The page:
"Many consumers are paying extra assuming hens are staying in the equivalent of a comfortable bed and breakfast, but instead they're stuck in a crowded backpacker hostel." - Matt Levey, CHOICE director of campaigns and communications.
At Real Eggs, we reckon our hens are staying in the equivalent of one of those quirky eco-luxe resorts that you might see in the pages of Green Magazine. Big, timber-framed windows to welcome in the fresh air, a supply of local spring water in the fridge that’s replenished daily, one of those super-food nourish bowls for lunch every day and an over-sized bed that’s given you the best night’s sleep in ages.
One of the key things that’s positively different about Real Eggs is the amount and quality of space that our hens have.
HOW MUCH SPACE?
Here’s a quick recap on the legal state-of-play. In April 2017, the Australian government confirmed new standards for free range egg labelling. It determined that 10,000 chooks per hectare was right. This falls well short of the CSIRO’s ‘Model Code of Practice’ (recommended back in 2002), which the RSPCA and The Humane Society also subscribe to - that 1,500 per hectare is the right thing to do.
In real terms, a hectare measures about half the size of the MCG - that’s 10,000 chooks massed into 50% of the ‘G - each hen is given about as much space to peck around on as a standard bath towel.
That’s not great.
1,500 per hectare is about 40 chooks given free reign on one tennis court.
That’s pretty good.
At Real Eggs, we do better. We have less than 8 chooks per hectare. That’s like two hens living it up in The Bachelorette’s mansion complete with countless bedrooms, three bathrooms, multiple living zones, tennis court, an Olympic-sized pool and its perfectly manicured, candle-hungry grounds.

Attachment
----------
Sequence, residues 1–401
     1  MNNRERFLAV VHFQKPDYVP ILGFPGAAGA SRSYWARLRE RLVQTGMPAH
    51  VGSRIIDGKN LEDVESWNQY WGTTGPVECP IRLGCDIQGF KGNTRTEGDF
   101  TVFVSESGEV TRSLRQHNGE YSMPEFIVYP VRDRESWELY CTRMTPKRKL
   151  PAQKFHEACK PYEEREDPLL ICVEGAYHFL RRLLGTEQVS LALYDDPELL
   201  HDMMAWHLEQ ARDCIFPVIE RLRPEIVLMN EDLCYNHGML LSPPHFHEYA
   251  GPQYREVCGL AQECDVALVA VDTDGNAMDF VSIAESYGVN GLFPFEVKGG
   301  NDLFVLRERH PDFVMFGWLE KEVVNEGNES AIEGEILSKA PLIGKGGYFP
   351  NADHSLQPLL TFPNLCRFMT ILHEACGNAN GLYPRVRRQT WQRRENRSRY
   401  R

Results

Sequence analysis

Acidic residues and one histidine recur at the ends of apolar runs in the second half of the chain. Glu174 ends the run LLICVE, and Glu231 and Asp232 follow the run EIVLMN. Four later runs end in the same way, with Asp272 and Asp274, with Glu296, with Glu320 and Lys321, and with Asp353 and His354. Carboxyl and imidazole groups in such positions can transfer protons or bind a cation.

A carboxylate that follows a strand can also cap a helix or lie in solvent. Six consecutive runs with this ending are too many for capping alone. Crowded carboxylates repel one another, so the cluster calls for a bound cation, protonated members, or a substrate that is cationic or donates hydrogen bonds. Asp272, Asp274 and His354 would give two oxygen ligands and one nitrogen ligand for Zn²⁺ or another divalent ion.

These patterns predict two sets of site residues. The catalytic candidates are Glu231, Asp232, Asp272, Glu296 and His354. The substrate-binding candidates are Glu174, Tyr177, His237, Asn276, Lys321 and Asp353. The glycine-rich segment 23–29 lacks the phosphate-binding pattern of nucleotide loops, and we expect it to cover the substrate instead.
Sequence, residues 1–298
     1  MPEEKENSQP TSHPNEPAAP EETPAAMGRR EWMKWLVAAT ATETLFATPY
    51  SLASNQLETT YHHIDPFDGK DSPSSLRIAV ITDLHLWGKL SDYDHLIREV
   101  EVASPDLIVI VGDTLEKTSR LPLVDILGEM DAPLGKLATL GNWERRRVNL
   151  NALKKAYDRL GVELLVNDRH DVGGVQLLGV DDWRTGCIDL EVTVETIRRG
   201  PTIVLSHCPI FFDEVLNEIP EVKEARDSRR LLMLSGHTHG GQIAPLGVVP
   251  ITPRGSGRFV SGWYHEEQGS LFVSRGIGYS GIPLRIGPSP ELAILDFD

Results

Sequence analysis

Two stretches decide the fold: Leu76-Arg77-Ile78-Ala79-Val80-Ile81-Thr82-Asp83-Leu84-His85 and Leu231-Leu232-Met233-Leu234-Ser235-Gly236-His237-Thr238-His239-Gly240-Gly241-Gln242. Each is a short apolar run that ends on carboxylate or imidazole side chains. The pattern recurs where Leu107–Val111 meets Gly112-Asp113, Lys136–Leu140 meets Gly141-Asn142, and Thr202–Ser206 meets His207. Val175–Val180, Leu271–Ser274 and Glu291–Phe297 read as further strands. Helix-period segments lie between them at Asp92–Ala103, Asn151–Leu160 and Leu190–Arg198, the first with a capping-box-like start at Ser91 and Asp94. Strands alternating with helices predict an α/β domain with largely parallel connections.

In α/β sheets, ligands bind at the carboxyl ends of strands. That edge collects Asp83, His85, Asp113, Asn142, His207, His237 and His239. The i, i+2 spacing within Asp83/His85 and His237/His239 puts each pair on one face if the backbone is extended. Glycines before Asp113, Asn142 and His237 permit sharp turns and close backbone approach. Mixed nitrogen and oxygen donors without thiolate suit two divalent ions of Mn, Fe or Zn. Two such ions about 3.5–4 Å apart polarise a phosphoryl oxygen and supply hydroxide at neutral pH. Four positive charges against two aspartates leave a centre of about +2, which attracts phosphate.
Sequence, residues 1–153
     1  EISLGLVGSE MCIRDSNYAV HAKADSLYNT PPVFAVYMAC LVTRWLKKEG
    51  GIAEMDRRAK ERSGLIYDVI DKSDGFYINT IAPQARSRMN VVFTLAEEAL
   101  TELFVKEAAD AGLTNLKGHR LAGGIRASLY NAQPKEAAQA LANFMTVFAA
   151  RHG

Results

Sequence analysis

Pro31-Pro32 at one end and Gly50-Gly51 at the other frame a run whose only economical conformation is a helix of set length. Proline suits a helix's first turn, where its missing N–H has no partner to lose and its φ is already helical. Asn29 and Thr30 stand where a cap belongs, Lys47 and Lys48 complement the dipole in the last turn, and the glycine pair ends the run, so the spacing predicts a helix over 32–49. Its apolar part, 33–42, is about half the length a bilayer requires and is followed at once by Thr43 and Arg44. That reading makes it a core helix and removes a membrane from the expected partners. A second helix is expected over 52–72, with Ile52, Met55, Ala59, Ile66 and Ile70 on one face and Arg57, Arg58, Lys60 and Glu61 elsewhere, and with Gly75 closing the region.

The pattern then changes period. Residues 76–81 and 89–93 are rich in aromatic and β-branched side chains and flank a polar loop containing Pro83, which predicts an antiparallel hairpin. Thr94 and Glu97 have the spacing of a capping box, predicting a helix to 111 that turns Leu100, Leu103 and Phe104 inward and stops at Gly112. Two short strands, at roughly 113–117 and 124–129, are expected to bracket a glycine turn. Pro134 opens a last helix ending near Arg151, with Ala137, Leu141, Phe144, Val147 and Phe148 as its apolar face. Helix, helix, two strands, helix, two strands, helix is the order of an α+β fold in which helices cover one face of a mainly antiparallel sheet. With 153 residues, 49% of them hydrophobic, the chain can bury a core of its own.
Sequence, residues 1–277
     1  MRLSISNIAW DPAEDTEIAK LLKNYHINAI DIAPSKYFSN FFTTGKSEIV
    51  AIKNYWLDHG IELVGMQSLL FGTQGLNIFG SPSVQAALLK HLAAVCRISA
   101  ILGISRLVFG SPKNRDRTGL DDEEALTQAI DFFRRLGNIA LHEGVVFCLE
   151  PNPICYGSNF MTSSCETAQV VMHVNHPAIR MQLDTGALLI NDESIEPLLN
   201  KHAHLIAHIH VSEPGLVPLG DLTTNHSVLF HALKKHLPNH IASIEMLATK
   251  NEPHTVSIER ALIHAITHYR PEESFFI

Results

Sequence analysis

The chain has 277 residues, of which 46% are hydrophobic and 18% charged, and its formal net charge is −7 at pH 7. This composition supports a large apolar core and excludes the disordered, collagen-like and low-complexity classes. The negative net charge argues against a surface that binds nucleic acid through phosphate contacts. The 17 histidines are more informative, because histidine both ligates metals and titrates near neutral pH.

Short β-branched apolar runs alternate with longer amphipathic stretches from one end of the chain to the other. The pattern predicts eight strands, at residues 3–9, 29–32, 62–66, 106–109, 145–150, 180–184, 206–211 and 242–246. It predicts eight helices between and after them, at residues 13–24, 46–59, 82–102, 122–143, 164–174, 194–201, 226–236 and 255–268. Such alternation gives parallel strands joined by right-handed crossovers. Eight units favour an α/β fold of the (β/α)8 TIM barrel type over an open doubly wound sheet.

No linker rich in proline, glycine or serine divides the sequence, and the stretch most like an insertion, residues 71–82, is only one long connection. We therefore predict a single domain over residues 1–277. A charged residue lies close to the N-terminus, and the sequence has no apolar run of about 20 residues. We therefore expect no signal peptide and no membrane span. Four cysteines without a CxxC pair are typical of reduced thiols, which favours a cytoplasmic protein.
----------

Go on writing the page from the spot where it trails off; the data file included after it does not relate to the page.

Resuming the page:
HOW MUCH QUALITY?
These new government guidelines just focus on the outdoor space that hens must have "regular and meaningful" access to. What do we know about the condition and size of their indoor home? How often can they get out and scratch about? Do they even want to go out, or are they so conditioned that an overcrowded shed is where they think their life is at? What is the quality and breadth of their food supply?
The ‘Model Code’ states that free range eggs are housed in sheds and have access to an outdoor range during daylight hours for a minimum of eight hours per day, with shaded areas and shelter from rain and wind.
At Real Eggs, we do better. Our hens roam outside all day, and retire to custom-made campers at night. Every three days, these campers are moved to fresh new grasses on open pastures and on hot days they are moved under trees for extra shade. They have an abundant daily supply of fresh water and grains, plus fresh grasses of rye, phalaris, coxfort and lucerne, and as many worms and insects as they can uncover. Our hens are a critical part of our whole farming practice - they’re not just there for their eggs. By scratching the pasture they assist with the soil aeration, breaking down their own organic matter to aid the soils’ recovery and rejuvenation.
It’s way more than free range. We call it open range. Pasture-raised.
The Choice 2014 Free Range Egg Survey showed that only 2% of free range egg buyers believe that 10,000 is an acceptable stocking density. While 46% believe that 1,500 is a reasonable stocking density for free range eggs. We’re proud to abide by our 8-hen per hectare rule - the ultimate range.